Term limit debate for lawmakers

By Jay Kim
When I think of the famous words of President John F. Kennedy, “Ask not what your country can do for you ― ask what you can do for your country,” I feel ashamed of the members of the National Assembly.
With blood in their eyes, they have been frantically snatching away people’s taxes. They have not found a fundamental solution to create jobs and revive the economy for the poor, who have only been claiming their rights and asking for more help.
The deadline for the budget bill for next year has already passed, but nobody knows when the bill will be passed as well. The National Assembly might pretend not to know that powerless poor people who rely on the assistance from the government suffer more and more as the passage of the bill is delayed, but nobody else is fooled.
In fact, I have been insisting for a long time that the nomination power that political parties have should be returned to the people. However, I have recognized that this idea would not be easy to be realized due to the tangled vested interests.
Even unions are lukewarm about it, even though they are one of the groups that would benefit the most from returning the nomination power to the people. Maybe union representatives want to keep the current situation, since they enjoy their chauffeur driven limousine just like CEOs of big corporations.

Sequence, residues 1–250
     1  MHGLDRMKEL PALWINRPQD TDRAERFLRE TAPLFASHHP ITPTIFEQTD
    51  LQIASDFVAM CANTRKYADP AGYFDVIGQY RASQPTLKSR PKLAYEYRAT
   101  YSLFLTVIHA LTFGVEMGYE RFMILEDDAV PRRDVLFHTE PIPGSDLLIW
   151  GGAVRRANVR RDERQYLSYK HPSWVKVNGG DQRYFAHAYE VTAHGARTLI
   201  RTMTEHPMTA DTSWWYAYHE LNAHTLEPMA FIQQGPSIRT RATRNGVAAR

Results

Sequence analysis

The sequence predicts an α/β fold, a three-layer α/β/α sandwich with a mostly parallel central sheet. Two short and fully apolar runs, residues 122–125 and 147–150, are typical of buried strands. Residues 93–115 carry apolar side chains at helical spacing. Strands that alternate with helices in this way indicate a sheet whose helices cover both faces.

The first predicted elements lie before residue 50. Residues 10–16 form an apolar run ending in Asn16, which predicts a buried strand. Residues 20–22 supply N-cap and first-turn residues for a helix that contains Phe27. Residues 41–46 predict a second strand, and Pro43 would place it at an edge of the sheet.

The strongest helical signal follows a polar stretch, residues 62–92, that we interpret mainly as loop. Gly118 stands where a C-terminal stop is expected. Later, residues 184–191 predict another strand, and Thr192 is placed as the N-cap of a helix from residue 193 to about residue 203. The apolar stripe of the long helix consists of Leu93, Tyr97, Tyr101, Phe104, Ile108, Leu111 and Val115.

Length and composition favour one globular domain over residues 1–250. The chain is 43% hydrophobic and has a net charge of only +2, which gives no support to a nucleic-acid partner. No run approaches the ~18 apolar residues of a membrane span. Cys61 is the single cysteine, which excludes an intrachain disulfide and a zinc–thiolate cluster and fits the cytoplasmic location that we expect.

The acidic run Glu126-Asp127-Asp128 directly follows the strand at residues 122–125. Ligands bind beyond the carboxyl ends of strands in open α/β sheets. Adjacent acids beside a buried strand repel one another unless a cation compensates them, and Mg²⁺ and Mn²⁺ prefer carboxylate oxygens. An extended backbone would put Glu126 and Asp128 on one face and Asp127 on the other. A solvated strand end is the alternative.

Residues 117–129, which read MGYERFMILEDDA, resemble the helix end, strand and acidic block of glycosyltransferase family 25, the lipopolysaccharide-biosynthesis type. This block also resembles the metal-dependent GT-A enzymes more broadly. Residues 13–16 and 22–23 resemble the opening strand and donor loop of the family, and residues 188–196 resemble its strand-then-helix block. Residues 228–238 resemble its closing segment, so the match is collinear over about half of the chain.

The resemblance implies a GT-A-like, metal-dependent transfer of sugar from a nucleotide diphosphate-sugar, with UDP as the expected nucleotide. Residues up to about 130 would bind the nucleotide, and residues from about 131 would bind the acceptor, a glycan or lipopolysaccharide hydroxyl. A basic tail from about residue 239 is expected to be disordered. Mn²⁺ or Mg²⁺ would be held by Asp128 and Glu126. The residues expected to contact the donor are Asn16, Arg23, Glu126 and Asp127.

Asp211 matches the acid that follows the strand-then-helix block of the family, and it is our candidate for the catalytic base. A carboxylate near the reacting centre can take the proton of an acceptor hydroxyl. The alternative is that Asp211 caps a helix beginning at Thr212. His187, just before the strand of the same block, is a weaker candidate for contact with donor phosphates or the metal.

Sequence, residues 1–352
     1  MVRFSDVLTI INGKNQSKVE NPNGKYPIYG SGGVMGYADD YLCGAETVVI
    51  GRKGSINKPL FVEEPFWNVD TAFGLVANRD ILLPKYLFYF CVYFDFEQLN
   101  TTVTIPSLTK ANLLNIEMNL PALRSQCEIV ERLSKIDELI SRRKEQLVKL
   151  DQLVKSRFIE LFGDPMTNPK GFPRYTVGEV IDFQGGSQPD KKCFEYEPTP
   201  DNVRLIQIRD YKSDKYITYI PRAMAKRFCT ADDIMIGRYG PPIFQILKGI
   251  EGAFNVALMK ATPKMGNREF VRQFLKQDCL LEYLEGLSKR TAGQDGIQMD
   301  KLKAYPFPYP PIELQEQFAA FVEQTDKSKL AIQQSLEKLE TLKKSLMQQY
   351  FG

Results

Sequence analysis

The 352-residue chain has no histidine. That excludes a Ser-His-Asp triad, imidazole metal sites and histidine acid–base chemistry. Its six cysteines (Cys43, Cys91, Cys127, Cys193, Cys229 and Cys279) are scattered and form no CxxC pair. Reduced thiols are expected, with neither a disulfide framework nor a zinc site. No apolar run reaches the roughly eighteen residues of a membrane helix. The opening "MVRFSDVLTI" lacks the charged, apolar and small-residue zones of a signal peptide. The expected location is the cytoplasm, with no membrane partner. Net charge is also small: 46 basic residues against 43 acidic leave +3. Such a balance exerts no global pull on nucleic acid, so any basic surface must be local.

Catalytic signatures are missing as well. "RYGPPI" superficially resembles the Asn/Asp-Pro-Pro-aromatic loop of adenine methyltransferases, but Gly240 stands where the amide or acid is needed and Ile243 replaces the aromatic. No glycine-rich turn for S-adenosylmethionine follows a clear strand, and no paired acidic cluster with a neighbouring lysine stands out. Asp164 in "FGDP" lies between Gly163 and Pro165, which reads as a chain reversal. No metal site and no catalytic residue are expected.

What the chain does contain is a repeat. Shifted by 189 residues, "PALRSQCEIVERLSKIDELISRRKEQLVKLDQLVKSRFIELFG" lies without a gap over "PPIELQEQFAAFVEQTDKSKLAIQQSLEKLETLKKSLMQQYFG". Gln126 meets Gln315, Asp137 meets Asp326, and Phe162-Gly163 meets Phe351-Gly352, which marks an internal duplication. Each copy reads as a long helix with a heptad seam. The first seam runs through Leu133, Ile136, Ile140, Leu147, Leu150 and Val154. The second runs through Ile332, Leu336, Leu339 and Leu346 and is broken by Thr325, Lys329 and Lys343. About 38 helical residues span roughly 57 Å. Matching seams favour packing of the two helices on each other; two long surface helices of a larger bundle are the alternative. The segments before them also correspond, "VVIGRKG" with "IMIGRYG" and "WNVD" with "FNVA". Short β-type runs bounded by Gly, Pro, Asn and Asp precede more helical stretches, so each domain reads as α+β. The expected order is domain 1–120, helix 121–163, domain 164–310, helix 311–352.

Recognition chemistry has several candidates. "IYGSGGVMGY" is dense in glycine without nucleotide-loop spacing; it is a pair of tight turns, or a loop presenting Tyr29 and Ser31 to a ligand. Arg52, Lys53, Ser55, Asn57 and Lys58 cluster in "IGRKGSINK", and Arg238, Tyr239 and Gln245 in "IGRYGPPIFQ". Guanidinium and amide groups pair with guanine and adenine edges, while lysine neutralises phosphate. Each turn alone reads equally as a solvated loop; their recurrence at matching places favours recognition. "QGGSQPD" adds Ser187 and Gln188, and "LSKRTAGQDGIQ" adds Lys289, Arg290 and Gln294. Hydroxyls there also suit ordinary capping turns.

Currently, the leading classes of Korea are greatly satisfied with their lives. Judges, who are the pillar of the judiciary branch; members of the National Assembly, who are the subject of the legislative branch; and leaders of unions do not seem to want a change.
All they do is talk. They only talk up economic achievements without any solution to the agony of the poor who suffer at the bottom and the young who cry for a change.
In a recent poll, the overwhelming opinion was that all these problems were due to the incompetence of the Assembly. Then, above all, shouldn’t the Assembly be reformed?
People with vested interests who were ministers or prime ministers in the Kim Dae-jung and Roh Moo-hyun administrations are being recycled as party leaders, floor leaders, executive committee members, and so on. Does Korea really lack political talent, as this suggests? I want these people to retire so that new faces may come up.
The current Local Autonomy Law of Korea limits a term of a head of a local government to four years and the number of consecutive terms to three. The reason for limiting the number of terms is that without it, corruption may occur, which would also make innovation or reform impossible.
In 1990, a bill to limit the term of a U.S. congressman was also initiated and passed in a referendum by the people in 23 states with 75 percent of the votes.
However, unfortunately, the Supreme Court ruled that a state referendum could not limit the term of a member of the U.S. Congress, which made the movement halt. Instead, they overwhelmingly passed bills to limit the terms of the members of their own state assemblies. Thirty-six U.S. states currently limit the number of terms for their governors and members of state assemblies.